Jim Winkler, President and General Secretary of the National Council of Churches USA (NCC), writes weekly newsletters on his representation of NCC in the ecumenical movement. This week, he shares his personal connection with Rev. F. Willis Johnson, pastor of the Wellspring Church in Ferguson, MO, and he commends Johnson’s new theologically grounded book, Holding Up Your Corner: Talking about Race in Your Community as a model for addressing racism with honesty and courage.
If you have thoughts to share, visit our Circle of Faith Facebook group.
How does The First Church of Christ, Scientist participate in ecumenical affairs?
The Committee for Ecumenical Affairs works under the auspices of the Committee on Publication, and is engaged in ‘correcting in a Christian manner’ the misconceptions of Christian Science, particularly within the Christian community. Ecumenical team activities include writing pieces that appear on christianscience.com and articles for The Christian Science Journal and Christian Science Sentinel, and participating in ecumenical conferences, meetings, and organizations such as the National Council of Churches.
What is ecumenism?
Ecumenism is a worldwide movement among Christians to promote unity between Christian churches or denominations (or ‘communions’) in response to Jesus’ prayer that we be one (John 17:21). It recognizes the body of Christ in its entirety, learning to understand the ways, values, and communications styles of our fellow Christians. Ecumenical dialogue is vibrant and respectful, welcoming the gifts of others, while maintaining the integrity and purpose of each Christian faith tradition.
Why should Christian Scientists participate?
The ongoing dialogue with Christian leaders, clergy, and religion educators allows everyone to grasp better the idea exactly why Christian Science is Christian.
All churches and denominations are concerned with maintaining the purity of their ideas and practice of religion, and the ecumenical dialogue respects that integrity in others. It is with a spirit of humility that Christians value one another's faith and service to the common cause of Christianity. As we learn from others, we often find ourselves learning to appreciate and articulate better our own denominational roots. We have the opportunity to cultivate bonds of love and dispel misunderstandings. Ecumenism is one of many ways to practice active Christianity.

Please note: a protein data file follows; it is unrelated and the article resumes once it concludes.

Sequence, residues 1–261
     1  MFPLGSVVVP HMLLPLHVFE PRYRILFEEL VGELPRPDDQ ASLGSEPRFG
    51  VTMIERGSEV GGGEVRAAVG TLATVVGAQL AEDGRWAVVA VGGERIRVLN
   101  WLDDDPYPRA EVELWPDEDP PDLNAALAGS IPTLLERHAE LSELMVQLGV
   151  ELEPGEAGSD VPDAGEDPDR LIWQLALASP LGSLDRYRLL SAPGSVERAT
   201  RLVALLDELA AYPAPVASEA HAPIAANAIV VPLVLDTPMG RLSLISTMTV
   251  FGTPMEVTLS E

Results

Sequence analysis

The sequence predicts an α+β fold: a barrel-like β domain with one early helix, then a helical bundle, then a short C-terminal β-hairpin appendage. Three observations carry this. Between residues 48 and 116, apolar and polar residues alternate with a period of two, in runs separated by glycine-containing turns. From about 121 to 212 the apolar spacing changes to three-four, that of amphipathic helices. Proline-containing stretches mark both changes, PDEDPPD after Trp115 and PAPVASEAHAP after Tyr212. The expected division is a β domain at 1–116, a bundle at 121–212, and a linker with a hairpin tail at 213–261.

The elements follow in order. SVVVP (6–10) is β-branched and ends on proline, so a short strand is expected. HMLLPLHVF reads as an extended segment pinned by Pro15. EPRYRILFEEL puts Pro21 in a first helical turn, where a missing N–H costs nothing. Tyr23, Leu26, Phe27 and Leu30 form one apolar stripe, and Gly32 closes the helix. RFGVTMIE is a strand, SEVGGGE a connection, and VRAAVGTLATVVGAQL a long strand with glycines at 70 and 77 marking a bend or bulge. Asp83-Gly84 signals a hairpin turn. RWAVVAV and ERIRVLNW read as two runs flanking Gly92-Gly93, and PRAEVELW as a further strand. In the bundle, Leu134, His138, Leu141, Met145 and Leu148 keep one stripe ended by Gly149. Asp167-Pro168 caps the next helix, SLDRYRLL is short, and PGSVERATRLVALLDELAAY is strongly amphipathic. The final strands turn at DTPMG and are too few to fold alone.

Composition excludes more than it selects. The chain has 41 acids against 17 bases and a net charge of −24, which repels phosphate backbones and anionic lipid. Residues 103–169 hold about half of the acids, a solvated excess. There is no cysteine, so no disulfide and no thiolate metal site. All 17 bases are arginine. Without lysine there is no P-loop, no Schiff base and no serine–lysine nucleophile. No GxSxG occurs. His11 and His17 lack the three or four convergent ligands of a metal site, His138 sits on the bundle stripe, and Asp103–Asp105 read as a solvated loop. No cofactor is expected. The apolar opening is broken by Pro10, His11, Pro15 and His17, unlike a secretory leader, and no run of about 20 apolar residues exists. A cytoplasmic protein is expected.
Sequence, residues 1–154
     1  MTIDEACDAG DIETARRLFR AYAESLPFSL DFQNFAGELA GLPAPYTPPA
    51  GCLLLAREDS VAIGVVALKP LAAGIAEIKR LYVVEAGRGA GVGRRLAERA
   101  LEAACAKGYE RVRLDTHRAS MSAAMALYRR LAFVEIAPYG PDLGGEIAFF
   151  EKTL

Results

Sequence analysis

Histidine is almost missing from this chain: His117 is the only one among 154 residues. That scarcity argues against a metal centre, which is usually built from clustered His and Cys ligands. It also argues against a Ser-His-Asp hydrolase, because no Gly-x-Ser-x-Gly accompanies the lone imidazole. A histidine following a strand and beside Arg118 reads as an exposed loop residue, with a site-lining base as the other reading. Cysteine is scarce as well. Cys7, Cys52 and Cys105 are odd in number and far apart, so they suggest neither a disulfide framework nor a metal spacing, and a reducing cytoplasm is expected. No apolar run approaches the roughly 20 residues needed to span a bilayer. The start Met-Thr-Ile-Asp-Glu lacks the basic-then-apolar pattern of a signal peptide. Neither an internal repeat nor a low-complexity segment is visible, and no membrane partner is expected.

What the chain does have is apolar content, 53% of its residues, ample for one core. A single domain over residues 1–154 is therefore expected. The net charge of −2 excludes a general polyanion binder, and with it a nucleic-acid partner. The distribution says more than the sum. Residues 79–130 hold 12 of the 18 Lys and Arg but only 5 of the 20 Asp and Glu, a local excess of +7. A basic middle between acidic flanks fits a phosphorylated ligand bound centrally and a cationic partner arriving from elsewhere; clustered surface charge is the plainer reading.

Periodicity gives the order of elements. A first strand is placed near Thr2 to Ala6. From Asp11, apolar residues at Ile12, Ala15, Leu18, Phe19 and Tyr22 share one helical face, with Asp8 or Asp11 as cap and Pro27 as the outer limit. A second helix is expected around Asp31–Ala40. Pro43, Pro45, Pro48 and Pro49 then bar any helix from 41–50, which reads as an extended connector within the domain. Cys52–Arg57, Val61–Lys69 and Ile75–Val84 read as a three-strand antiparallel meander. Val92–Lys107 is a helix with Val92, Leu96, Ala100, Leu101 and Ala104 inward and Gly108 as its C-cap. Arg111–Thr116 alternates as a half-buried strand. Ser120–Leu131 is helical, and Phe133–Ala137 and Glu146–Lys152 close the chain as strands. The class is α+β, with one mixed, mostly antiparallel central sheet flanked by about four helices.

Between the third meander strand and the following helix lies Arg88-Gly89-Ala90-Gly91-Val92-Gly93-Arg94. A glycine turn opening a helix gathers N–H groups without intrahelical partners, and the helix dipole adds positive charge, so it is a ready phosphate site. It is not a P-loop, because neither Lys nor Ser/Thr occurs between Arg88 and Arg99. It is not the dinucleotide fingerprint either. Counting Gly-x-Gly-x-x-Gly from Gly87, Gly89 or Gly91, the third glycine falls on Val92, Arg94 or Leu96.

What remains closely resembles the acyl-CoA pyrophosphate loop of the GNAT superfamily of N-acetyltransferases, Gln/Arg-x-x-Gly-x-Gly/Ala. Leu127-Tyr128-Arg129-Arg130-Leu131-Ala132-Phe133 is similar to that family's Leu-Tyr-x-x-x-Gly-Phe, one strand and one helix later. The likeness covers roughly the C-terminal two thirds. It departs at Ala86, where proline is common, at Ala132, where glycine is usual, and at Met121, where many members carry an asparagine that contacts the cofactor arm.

One of the most compelling reasons Christian Scientists have become ecumenically involved is that other Christians have been asking for us to participate in the greater dialogue and especially to explain and share our unique gifts more widely.
Talking to other Christians about Christian Science
One of the greatest stumbling blocks to successful ecumenical engagement can be the language we use. Every church or denomination has its own jargon, which can be baffling or unwittingly offensive to others. Without understanding the language, culture, and history of others, we often find ourselves trying to share our most precious ideas only to discover they mean something entirely different to our listeners. With love for others, we make the effort to learn their Christian ‘language’ in order to communicate the greatest depth of thought. Just as we maintain our own culture and identity when we learn a foreign language, we also maintain the identity of Christian Science while we learn the Christian practices and theology of others.
Prayer and insights about ecumenical engagement
- Getting our assumptions right in interfaith work by Brian Talcott
- Opening closed doors by Maryl Walters
- Invitation to worship by Kristin Jamerson
- What Christian Scientists Believe (Video) by Madelon Maupin, Brian Talcott, Eric Nelson
Rev. Dr. Michael Kinnamon (who first invited the Christian Science Church to engage in the ecumenical movement, 2008)
Video: Mary Baker Eddy — A Heart in Protest
Responding to common questions
Michael Kinnamon talks about the meaning of ecumenical dialogue (YouTube video)
Discussion with Michael Kinnamon about Christian Science in ecumenical dialogue (in The Christian Science Journal)